Girl 2: If you don’t like something, then it isn’t how they say on the ad. Sometimes, things aren’t how they say they are, they are bad. Girl 1: And sometimes advertising can be trying to persuade you to do something or not to do something, not just to buy some product. This shows a very clear and reflective understanding of the persuasive functions of advertising, that goes well beyond its ability simply to sell particular products. Here is a further example, in the form of the teacher’s summary of the whole-class feedback on this initial session, as written up on the board: advertising is ubiquitous it persuades it is often eye-catching and sometimes shocking or scary it persuades you to do something or to buy something it tries to sell a product it can try to ‘sell’ an idea not a product it can try to dissuade as well as persuade it can inform or sell, it does not have to sell it can be written or spoken or visual or all three it may be found in a whole range of places, from newspapers, bus hoardings, product packets and television to supermarkets, the radio and the internet it can use written language or music or visual language or spoken words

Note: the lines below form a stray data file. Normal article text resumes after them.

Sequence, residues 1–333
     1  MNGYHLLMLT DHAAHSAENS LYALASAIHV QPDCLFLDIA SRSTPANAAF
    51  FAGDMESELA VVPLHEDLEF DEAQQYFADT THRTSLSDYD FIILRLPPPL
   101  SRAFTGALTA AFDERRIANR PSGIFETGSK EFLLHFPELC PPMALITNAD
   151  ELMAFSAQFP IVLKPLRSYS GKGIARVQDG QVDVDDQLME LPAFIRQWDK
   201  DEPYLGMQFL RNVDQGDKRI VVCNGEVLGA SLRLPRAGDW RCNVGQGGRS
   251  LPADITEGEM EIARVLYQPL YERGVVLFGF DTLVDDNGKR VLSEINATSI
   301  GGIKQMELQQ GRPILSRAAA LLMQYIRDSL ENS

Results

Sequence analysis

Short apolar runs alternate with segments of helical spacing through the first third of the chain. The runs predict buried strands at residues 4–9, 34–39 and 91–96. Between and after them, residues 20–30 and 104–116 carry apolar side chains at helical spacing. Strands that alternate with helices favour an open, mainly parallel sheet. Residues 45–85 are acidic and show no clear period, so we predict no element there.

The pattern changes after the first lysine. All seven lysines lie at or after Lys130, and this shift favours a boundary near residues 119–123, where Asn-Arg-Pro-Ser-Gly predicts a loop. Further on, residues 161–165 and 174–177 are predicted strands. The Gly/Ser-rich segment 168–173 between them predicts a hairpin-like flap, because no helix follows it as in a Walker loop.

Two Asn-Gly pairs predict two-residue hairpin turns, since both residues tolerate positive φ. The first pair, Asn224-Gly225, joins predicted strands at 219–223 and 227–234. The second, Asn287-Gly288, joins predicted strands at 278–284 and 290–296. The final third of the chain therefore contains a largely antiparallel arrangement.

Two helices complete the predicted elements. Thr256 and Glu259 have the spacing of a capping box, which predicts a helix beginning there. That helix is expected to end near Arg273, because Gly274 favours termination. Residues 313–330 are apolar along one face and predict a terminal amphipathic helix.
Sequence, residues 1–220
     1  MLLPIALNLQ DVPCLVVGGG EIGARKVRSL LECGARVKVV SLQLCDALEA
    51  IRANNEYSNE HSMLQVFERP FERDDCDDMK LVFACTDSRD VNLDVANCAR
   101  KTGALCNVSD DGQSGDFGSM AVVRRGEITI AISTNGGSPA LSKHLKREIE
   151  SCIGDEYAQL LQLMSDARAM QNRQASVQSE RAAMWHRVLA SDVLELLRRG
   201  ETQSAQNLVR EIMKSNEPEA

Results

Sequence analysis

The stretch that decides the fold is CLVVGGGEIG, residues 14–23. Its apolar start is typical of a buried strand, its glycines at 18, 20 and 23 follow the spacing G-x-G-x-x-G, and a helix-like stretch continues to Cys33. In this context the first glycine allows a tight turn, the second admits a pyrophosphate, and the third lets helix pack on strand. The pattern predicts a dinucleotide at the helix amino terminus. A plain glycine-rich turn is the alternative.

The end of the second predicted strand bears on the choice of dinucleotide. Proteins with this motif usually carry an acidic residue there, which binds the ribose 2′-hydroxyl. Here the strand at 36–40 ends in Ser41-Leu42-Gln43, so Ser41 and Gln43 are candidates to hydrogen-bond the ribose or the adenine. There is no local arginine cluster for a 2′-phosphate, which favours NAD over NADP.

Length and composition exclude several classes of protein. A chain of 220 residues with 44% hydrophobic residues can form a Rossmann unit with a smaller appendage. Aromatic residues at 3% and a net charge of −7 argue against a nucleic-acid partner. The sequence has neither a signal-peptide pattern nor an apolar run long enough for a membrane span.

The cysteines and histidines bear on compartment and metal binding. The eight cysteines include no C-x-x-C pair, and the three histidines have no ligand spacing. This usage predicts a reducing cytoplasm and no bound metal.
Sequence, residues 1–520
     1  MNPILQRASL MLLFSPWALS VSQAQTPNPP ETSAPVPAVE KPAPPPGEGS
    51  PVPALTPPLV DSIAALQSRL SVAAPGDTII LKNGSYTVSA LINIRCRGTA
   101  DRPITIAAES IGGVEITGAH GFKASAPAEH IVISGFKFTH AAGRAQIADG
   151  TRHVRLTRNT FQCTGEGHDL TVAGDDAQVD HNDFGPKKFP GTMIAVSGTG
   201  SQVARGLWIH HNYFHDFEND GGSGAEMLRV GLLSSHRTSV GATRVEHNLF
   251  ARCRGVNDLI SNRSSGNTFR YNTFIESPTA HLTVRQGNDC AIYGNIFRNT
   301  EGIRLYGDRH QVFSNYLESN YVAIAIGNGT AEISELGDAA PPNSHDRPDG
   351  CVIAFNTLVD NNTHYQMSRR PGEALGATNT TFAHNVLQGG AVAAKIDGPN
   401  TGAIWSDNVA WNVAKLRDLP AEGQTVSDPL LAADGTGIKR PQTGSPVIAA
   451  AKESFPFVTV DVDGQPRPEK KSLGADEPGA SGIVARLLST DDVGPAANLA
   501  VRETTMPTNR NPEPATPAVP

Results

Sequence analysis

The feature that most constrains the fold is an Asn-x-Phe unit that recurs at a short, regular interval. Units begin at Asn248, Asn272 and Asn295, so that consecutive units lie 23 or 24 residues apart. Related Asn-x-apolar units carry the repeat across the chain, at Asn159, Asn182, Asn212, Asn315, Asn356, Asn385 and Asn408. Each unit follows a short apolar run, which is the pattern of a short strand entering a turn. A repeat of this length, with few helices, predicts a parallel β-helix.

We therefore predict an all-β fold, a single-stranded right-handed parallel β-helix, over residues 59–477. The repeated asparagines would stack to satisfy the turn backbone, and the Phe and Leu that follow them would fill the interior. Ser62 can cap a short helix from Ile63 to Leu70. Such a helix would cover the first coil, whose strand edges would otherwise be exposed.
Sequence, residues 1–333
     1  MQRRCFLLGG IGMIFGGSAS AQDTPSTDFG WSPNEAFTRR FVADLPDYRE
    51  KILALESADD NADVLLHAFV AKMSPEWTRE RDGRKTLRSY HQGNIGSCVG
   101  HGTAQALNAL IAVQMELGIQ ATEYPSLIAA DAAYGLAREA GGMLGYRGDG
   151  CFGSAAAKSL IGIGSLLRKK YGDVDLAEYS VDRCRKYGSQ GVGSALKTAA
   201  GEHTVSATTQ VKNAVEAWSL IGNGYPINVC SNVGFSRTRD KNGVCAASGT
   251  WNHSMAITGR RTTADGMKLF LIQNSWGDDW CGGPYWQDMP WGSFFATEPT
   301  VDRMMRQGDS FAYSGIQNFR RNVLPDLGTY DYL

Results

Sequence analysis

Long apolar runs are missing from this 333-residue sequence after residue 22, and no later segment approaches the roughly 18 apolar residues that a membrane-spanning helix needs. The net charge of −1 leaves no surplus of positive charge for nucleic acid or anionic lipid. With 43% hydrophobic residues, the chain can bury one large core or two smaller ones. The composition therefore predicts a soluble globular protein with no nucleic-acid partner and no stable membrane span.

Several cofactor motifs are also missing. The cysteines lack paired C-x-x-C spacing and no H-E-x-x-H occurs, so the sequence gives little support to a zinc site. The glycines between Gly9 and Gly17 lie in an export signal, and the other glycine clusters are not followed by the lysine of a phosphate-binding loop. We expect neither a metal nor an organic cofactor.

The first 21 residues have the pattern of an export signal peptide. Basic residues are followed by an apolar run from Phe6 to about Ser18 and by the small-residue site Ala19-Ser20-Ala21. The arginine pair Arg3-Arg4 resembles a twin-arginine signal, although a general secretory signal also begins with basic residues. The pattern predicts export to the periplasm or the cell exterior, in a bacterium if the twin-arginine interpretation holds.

In the class we observed at School C, where the children were one year younger, these more abstract understandings were less in evidence; but the children were quite familiar with the idea that advertisements could be placed within various spaces such as in magazines and newspapers, on radio, TV, billboards, etc., in order to sell to different audiences. They were also familiar with and could repeat slogans or sing jingles of ads for companies such as Asda and Macdonalds. By contrast, about half of the older children observed were more prepared to discuss relatively complex issues such as the different types of advertising (in terms of the aims and the positioning of the advert), the selling of ideas, the notion of dissuasion, the use of promotional gimmicks and the importance of visual space. Additionally, the issue of consumer rights - the possibility of advertising being misleading and the potential for obtaining redress for misleading labeling of products - was raised at least once in each discussion group in Schools A and B. Having said this, it was clear that the children’s knowledge was in some respects partial. The younger children in School C were less aware of aspects of consumer culture such as the use of logos on clothes, although this may have been a result of their different home backgrounds; and they were much less conscious of the other purposes of ads such as providing information and/or putting forward a point of view. In some instances, the children in Schools A and B seemed to confuse liking for an advertisement with liking for a product. Most admitted to being swayed by particular advertisements, but usually where they were already partial to the product. On the other hand, they enjoyed some advertisements for products that they were never likely to purchase. Whilst there was some confusion between product and advert in School C, some children were keen to Media Smart Be Adwise 2 An Evaluation January 2007